How do we know what we think we know? Accuracy, care and rigorous method gets us somewhere there, especially on issues like racism.
Recent developments at the United Nations and the G-20 suggest that the well-known human rights to privacy and freedom of expression may soon be formally extended to online communications.
Neither Galaxy Research nor the Institute of Public Affairs think-tank discussed the most interesting data they garnered from polling on free speech and reform to Section 18C.
The public must prepare to stand up for a free press, and against online censorship and surveillance.
Amending Section 18C would send a 'dangerous message', according to the Executive Council of Australian Jewry.
A minor change, substituting 'vilify' for 'offend' and 'insult', would bring Section 18C more in line with similar laws in other democracies without undermining its effectiveness.
A new clause being embedded in a number of university contracts attempts to restrict academics from speaking freely in public debate about issues that are outside their area of research.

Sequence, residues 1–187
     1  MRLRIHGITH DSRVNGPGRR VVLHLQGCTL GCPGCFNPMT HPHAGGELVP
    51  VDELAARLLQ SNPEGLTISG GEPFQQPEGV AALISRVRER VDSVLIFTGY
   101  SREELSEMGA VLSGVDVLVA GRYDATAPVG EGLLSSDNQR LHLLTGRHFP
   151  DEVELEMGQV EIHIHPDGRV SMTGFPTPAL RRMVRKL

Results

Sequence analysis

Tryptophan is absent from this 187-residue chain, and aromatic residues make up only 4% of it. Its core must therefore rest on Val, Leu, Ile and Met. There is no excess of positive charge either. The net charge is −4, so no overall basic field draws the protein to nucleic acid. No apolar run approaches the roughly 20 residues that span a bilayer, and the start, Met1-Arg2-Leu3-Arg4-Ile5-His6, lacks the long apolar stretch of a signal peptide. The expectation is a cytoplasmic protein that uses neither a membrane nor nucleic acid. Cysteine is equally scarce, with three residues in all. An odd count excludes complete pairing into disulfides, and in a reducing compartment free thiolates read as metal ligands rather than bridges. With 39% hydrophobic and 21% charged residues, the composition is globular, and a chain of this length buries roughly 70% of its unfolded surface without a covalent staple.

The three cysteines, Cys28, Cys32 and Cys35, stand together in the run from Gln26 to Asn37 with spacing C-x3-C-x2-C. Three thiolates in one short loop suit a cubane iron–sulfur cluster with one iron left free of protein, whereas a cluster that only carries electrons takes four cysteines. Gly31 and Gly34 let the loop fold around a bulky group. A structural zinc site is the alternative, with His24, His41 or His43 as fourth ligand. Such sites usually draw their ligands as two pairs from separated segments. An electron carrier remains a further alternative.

As the US example shows, freedom of religion should not be allowed to morph into the right to discriminate.
The Constitution’s external affairs power does not support Section 18C. And the section also impermissibly infringes the implied freedom of political communication.
Emergency laws can sometimes be the biggest threat to a state and its people.
Controversial arguments and ideas should be listened to and open to public scrutiny. Only then can we expose those ideas found wanting and lacking any credibility.
Two recent controversial cartoons depicting people as apes have raised an important question: what are the legal and philosophical distinctions between harm and offence?
What, exactly, are the political goals of The Satanic Temple, which formed in 2013? A religion professor attended a recent satanic ritual to find out.
Why is a doctor facing sanctions for voicing his opinions on Twitter?
The Supreme Court will soon decide if it will hear a case involving the off-campus speech rights of students.
Academics must teach students how to think – not what to think.
The Moroccan state's case against a leading academic could have far reaching ramifications for academic freedom and research at the country's universities.
As the debate spreads from Missouri to universities across the country, insights from The Conversation's coverage of race on campus.
Constitutional judges are best seen as backstops, not as activists for one value like liberty over others like integrity and equality.
Ten years after the Danish cartoon crisis, it's time to discuss how freedom of religion and freedom of speech can coexist.